I love your stuff and I totally don’t wish to see fewer blog posts/videos, but it seems like this is a very solvable problem.

    Like

  7. judgybitch October 30, 2014 at 14:15 #

    I wrote a novel. signed with an agent and we are out at publishers right now. If I can monetize my writing, that would be amazing.

    And I have that PhD I took a year off from to see what happens with the novel, so I do have a few back-up plans in place.

    It would have been easier to think this through beforehand, though.

    Like

  8. comslave (@comslave) October 30, 2014 at 19:44 #

    There was a moment when I wondered why so many feminists opposed #gamergate, because essentially #gamergate was opposed to a woman who had to trade sex for publicity to promote her game. Then I realized what feminists are really against is marriage, because the end of marriage will reinforce socialism, which is the real goal. They know a world where women have to trade sex to advance their careers will be harmful to marriage, and that’s what they want. The death of marriage no matter what.

    So Zoe Quinn is their hero because not only did she fuck up her relationship with her boyfriend, one of the guys she had sex with was married, and she probably fucked up that relationship as well. She represents the death of relationships.

    Like

  9. That_Susan October 30, 2014 at 22:04 #

    The married guy who cheated on his wife fucked up his own relationship. If I understand the men’s rights movement correctly, it’s all about holding male and female adults equally responsible for their own screw-ups. Just as the other guys didn’t fuck up Quinn’s relationship with her boyfriend, Quinn didn’t fuck up those other guys’ relationships, either.

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  10. Mankind Global Media (@mankindglobal) October 31, 2014 at 00:22 #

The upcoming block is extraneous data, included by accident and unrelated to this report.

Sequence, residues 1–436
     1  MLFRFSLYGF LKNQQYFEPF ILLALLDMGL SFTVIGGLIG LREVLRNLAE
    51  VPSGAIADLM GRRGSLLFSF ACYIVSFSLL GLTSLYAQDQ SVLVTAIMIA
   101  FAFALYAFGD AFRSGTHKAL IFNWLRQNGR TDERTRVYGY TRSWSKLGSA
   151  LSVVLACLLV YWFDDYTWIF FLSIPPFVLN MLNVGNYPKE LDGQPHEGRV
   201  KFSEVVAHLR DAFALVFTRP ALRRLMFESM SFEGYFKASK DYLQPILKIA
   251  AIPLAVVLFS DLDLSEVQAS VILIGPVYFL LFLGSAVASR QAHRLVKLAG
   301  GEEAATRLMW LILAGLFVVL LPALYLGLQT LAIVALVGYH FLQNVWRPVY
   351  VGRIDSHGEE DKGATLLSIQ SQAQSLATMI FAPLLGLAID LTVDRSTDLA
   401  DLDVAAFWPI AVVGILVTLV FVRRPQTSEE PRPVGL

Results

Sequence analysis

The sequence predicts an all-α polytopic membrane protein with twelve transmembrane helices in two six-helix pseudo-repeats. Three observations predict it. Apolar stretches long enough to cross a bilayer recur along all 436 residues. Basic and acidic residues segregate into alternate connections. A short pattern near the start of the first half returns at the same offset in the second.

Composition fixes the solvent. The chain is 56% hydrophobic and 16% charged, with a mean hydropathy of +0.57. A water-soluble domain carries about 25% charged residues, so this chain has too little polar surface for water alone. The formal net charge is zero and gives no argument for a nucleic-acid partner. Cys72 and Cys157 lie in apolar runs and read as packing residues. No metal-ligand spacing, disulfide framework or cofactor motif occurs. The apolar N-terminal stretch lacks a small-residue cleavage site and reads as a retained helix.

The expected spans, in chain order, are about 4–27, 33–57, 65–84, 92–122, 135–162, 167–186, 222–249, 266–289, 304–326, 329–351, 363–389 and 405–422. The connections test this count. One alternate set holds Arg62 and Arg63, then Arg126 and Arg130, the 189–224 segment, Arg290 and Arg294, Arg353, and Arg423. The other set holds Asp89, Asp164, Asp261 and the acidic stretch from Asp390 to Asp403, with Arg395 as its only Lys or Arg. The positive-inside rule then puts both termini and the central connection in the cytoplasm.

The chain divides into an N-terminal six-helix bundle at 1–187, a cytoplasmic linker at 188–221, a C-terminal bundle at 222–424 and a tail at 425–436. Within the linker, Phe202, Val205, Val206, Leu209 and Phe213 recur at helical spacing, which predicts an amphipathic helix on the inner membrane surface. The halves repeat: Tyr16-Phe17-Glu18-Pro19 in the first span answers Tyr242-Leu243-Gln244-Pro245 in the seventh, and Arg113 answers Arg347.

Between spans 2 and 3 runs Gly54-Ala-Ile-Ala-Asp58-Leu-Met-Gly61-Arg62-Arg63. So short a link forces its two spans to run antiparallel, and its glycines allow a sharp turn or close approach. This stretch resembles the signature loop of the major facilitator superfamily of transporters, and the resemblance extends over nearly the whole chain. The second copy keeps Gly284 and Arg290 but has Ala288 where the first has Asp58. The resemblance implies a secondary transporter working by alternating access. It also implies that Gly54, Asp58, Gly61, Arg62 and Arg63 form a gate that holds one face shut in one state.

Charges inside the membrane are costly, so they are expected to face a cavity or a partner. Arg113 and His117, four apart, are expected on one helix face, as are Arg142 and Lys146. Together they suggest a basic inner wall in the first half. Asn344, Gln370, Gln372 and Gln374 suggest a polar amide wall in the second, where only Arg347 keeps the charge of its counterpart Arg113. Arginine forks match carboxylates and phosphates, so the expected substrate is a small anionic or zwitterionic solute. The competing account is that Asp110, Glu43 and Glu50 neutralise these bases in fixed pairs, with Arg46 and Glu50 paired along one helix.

There is nothing wrong with being a “traditionalist.” Observe -> http://youtu.be/PGbHYyjbfYI – In which I lay lay down the gauntlet in defense of Tradition. As well as the beginnings of an alternate view of what it means to be for Men’s Rights, in contra & contrast to the Libertarian/Individualist view. Special guest appearance by Fleetwood Mac

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  11. That_Susan October 31, 2014 at 14:30 #

    That’s a very interesting and informative video, and I believe that a lot of practices have become traditions simply because they make sense and work well for the majority of people. I personally lean more towards an evolutionary interpretation of human history, and it seems likely to me that the family evolved among our primate ancestors, initially as mothers realizing that it worked out better to raise their children in groups; this way, some could mind the children while others went out and gathered food.

    Males and fathers became increasingly involved as mothers realized there were tremendous benefits to making themselves sexually available during non-fertile times and not just fertile. It seems likely that initially, females wanted to mate exclusively with the most “alpha” male, so families were groups composed of an alpha male and his harem of “wives” and their children, while all other males beyond a certain age ended up living as rogues or serving the alpha male without much opportunity to procreate themselves.

    As we evolved mentally, I think many women developed the wisdom to see that there were benefits to having one male who was exclusively devoted to them and their children, and also benefits to life with a beta or other non-alpha male who wasn’t completely stuck on himself and actually took more of an interest in his partner and her feelings, and liked nurturing and playing with the children, too.

    Many males, for their part, found the benefits and comforts of monogamy vastly preferable to the excitement and insecurity of living as a rogue or a “man going his own way.” But all men certainly don’t feel that way, just as there are certainly still women who prefer sharing an alpha male with other women, or even partnering with other women.

    The problem with the term “traditionalism” is that it’s so often used to define a rigid mindset in which there are no individuals, only prescribed roles. All men are supposed to be “he-men” who are sexually attracted to only women, and all women are supposed to ultra-feminine domestic goddesses who are sexually attracted to only men.
    .
    In reality, there will always be some people who diverge from the norm — but traditions like monogamy, and mothers of small children doing work that doesn’t interfere with their ability to nurse and provide continuous love and comfort to their little ones, are most likely always going to continue to make sense for the majority of people. So I’m in favor of a fluid traditionalism that allows plenty of room for human individuality.